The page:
Is Facebook Losing Its Cool?
Jim LiebeltJim is Senior Writer, Editor and Researcher for the HomeWord Center for Youth and Family at Azusa Pacific University. Jim has over 25 years of experience as a youth and family ministry specialist, and has been on the HomeWord staff since 1998. He has served over the years as a pastor, author, youth ministry trainer, adjunct college instructor and speaker. Jim’s culture blog and parenting articles appear on HomeWord.com. Jim is a contributing author of culture and parenting articles to Crosswalk.com. Jim and his wife Jenny live in Olympia, WA.
- 2012 May 31
For teens, it has been an essential rite of passage: They turn 13 and join Facebook.
Since she signed up three years ago, friend requests and status updates are as much a part of Meera Kumar's life as homework and exams at Menlo School, the elite private school in leafy Atherton, Calif., where she's a 16-year-old sophomore.
But when her kid sister Anika turned 13 last year, she gave Facebook a pass.
"I guess I haven't been that interested in it," said Anika, who prefers sharing photos with friends on Instagram via her iPhone or video chatting with them onGoogle+.
Could Facebook be losing its cool?
With more than 900 million users, Facebook remains the most popular online hangout. But some young people are turning their attention elsewhere. They are checking out new mobile apps, hanging out on Tumblr and Twitter ,and sending plain-old text messages from their phones. Their goal is to hook up with smaller circles of friends and share their thoughts and feelings away from the prying eyes of Mom and Dad.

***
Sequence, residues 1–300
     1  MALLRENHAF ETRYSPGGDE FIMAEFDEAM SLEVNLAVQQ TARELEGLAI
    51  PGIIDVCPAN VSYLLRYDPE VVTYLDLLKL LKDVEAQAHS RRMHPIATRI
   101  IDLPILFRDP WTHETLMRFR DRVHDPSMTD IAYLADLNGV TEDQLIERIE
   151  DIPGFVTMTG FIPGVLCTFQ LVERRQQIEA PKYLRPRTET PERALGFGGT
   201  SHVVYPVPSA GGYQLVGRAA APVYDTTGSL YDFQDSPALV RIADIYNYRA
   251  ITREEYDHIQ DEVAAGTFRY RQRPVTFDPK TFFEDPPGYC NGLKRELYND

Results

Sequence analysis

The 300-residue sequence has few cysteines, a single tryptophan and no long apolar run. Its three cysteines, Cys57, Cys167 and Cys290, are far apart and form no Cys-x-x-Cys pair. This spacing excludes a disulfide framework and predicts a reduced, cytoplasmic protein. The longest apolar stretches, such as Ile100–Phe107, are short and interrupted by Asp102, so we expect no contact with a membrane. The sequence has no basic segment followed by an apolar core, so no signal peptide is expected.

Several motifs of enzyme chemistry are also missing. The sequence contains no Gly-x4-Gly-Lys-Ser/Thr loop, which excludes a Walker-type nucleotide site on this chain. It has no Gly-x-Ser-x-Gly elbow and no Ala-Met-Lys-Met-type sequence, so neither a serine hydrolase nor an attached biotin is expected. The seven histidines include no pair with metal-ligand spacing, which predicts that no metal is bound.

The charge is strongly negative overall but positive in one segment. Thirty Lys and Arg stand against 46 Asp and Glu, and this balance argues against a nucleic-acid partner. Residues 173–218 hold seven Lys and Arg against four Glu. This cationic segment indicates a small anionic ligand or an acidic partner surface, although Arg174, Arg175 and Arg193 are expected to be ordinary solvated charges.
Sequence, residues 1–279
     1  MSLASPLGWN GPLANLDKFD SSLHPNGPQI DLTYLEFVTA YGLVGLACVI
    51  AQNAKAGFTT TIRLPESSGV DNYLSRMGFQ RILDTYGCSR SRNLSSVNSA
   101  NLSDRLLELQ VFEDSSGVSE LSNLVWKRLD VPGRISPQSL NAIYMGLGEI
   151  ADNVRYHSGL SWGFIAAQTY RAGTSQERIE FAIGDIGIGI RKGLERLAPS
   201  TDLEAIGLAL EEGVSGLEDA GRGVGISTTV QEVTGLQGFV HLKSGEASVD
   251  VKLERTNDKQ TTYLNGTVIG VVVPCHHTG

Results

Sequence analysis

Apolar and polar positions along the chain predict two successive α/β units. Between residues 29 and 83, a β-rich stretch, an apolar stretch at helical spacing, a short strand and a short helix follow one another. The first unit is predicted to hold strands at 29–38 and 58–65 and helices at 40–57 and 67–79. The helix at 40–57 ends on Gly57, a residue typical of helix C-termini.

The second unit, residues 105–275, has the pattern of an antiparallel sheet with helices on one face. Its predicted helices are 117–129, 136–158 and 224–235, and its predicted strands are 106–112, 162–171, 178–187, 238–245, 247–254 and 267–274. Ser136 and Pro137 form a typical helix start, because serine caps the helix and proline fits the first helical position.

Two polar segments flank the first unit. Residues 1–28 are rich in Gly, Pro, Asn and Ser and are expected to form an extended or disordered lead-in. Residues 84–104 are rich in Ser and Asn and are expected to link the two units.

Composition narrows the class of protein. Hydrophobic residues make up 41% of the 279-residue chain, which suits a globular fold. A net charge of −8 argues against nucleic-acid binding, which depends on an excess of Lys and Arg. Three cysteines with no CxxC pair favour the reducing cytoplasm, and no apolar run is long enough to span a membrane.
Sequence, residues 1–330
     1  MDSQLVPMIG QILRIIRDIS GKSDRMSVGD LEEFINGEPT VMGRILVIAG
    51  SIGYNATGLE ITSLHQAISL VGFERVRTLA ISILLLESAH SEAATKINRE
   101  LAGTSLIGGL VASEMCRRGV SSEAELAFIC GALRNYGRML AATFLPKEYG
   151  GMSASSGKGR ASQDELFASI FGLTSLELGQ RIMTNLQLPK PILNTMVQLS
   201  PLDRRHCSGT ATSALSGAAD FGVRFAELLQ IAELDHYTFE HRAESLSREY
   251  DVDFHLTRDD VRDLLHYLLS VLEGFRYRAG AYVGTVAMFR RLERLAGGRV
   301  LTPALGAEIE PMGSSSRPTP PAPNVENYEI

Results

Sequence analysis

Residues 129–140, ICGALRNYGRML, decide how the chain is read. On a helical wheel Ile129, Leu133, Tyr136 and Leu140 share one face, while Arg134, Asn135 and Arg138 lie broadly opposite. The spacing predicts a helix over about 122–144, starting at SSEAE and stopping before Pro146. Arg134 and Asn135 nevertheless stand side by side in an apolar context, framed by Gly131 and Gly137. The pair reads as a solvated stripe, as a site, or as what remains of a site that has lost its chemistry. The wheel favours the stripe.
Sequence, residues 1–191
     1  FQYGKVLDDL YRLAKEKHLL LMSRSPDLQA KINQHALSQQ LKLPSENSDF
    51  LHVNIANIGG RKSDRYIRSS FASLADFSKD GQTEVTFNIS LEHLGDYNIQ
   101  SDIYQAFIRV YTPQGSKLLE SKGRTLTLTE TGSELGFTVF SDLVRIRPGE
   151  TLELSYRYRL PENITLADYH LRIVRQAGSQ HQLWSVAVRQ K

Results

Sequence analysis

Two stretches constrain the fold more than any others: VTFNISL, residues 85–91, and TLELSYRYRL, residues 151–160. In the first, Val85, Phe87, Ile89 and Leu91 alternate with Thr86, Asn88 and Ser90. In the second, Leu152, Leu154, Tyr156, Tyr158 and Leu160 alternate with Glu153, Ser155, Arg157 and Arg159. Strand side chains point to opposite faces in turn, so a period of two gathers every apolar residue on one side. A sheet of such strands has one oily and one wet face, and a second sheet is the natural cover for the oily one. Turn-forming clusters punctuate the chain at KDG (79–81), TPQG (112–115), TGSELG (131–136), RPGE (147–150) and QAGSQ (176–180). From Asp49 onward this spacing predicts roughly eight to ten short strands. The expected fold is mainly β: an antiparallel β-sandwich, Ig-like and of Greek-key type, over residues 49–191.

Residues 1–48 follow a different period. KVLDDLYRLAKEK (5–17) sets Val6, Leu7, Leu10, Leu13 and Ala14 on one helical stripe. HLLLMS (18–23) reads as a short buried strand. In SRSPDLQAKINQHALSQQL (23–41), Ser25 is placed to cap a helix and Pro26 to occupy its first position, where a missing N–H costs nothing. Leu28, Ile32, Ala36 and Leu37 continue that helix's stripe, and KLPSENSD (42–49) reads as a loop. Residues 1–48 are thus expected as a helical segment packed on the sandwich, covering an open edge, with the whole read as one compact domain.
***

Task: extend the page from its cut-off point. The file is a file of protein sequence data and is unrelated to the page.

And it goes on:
It's a very grown-up challenge for Facebook, which needs kids to continue to dominate social networking.
"Facebook is just not the big fad anymore," said Kim Franklin, a 15-year-old from Gaithersburg, Md., who does not have a Facebook account and prefers social media site Tumblr. "It was like everybody was constantly on there, but now not so much." Franklin said her 13-year-old sister Nicole hasn't signed up for a Facebook account either.
Meanwhile, Laura Franklin, the girls' 37-year-old mother, always has Facebook open on her computer while working on her parenting blog, Better in Bulk. That, she said, has led her teen daughters to dub Facebook a "mom thing."
Turns out the kids are right. A recent study from Nielsen found that nearly 3 of 4 U.S. mothers who went online from a home computer visited Facebook in March. Only 8.3% visited Tumblr, and 14% visited Twitter.
Source: Los Angeles Times